The putative father of B. B. S. appeals from the juvenile court's order terminating his parental rights after he failed to timely file a legitimation petition under OCGA 15-11-96
(i). We find no reversible error and affirm.
The record shows that B. B. S. was born on May 24, 2000, and taken into protective custody on May 26, 2000, after he and the mother both tested positive for cocaine. At the time, the mother was married to another man, but was living with appellant. The guardian ad litem recommended termination of the rights of the mother and both the legal and biological fathers, stating that the parents' home was unfit and that none of the parents had expressed any interest in the child or provided any support for the child.
The record shows, and the juvenile court found, that the termination petition was served on the appellant on June 15, 2000. The father was directed to file a legitimation petition within 30 days of receiving the notice.
At the termination hearing on April 9, 2001, the juvenile court noted that the father had filed a legitimation petition the week before the hearing. Counsel for the father stated that the father was present in court and he believed the father would testify that he was not aware of the need to file the legitimation petition. The juvenile court declined to allow the putative father to testify and terminated his rights pursuant to OCGA 15-11-96
(i). This appeal followed. OCGA 15-11-96
(i) provides in pertinent part:
It is undisputed that the father did not file a legitimation petition within 30 days of receipt of the termination notice, but instead waited almost a year before filing the petition the week before the termination hearing. The father raises, however, three enumerations of error in his appeal from the juvenile court's order.
1. First, the father argues the trial court erred in not allowing him to testify. He states that his counsel stated that he was not aware of any other legitimation petitions, but this was not shown by clear and convincing evidence because neither the father nor his initial counsel was allowed to testify. The father claims the court should have held an evidentiary hearing before terminating his rights.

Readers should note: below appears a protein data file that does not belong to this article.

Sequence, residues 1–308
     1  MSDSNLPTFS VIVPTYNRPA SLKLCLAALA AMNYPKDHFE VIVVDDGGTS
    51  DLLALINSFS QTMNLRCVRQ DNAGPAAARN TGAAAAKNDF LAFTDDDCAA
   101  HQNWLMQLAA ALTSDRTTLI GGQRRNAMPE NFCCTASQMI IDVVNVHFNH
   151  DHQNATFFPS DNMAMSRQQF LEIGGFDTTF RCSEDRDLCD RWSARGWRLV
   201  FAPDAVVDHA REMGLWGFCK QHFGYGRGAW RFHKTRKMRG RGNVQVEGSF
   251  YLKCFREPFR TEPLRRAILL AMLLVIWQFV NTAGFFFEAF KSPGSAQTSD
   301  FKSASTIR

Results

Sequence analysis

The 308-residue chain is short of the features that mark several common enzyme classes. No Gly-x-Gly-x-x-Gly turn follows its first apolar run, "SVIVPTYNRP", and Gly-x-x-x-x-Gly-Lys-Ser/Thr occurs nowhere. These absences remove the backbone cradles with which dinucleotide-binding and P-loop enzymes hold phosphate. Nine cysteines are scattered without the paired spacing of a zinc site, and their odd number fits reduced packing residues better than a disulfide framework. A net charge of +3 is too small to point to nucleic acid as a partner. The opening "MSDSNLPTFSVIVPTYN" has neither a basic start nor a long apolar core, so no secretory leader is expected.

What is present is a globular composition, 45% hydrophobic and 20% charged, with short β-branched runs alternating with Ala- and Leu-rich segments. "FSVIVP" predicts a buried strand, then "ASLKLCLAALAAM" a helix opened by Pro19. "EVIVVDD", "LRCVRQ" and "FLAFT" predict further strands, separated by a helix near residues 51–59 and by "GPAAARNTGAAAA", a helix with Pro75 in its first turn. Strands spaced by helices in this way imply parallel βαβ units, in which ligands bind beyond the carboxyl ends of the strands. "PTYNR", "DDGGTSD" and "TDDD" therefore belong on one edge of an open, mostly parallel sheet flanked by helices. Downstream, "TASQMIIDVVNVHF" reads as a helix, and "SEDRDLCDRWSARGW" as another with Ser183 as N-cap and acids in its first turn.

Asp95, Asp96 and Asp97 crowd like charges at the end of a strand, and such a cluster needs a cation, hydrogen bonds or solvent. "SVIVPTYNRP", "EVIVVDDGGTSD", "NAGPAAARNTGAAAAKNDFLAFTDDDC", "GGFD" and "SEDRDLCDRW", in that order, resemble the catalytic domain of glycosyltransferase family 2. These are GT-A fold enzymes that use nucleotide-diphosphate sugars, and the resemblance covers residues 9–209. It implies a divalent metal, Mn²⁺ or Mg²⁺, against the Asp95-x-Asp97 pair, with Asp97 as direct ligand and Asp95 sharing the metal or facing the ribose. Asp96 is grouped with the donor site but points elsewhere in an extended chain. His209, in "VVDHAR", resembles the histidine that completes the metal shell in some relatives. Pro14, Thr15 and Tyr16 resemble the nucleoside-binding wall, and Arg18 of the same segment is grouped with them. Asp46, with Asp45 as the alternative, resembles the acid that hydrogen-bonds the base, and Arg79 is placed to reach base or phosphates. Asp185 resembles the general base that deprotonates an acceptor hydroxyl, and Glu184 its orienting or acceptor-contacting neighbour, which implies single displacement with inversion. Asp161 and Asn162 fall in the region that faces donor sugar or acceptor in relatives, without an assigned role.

The father cites to no case law in support of this argument, and we find none. Moreover, the father submitted no evidence to the juvenile court that he ever attempted to file an earlier legitimation petition and points to no evidence on appeal that he would have submitted to the juvenile court. The father was represented by counsel who appeared in his stead and who could have introduced any evidence appellant wished to put before the court. Accordingly, we must conclude the father suffered no harm in not participating in the hearing and, therefore, has shown no reversible error in the trial court's decision. In the Interest of C. T., 247 Ga. App. 522
, 525 (544 SE2d 203
3. In his last enumeration of error, the father argues that the court erroneously believed it was without discretion in deciding to terminate his rights under OCGA 15-11-96
(i). The only support for this enumeration is a statement at the hearing by counsel for the Department of Family & Children Services that the decision to terminate under this Code section "is not a discretionary decision." But, there is no statement by the juvenile court judge that he believed himself to be without discretion in this matter and nothing in the order to that effect. The burden is on the appellant to show both harm and error affirmatively by the record. In the Interest of J. E. E., 228 Ga. App. 831
, 833 (493 SE2d 34
) (1997). Accordingly, because there is nothing in the record before us to support this contention, we cannot address this enumeration on appeal.